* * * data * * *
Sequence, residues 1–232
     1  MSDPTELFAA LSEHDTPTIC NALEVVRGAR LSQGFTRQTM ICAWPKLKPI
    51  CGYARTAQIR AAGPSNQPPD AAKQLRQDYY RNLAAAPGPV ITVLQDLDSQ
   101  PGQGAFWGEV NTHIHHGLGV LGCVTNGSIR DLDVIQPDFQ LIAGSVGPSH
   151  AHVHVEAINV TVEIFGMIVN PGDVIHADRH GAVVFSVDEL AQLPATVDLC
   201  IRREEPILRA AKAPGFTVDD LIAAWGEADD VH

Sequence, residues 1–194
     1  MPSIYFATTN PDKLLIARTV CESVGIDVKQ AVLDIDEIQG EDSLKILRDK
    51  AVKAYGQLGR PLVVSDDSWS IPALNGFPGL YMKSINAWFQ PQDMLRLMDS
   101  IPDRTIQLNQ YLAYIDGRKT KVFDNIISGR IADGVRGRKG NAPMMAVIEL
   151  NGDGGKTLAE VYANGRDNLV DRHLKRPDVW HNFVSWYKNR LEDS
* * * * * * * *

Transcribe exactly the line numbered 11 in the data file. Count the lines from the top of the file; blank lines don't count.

   151  NGDGGKTLAE VYANGRDNLV DRHLKRPDVW HNFVSWYKNR LEDS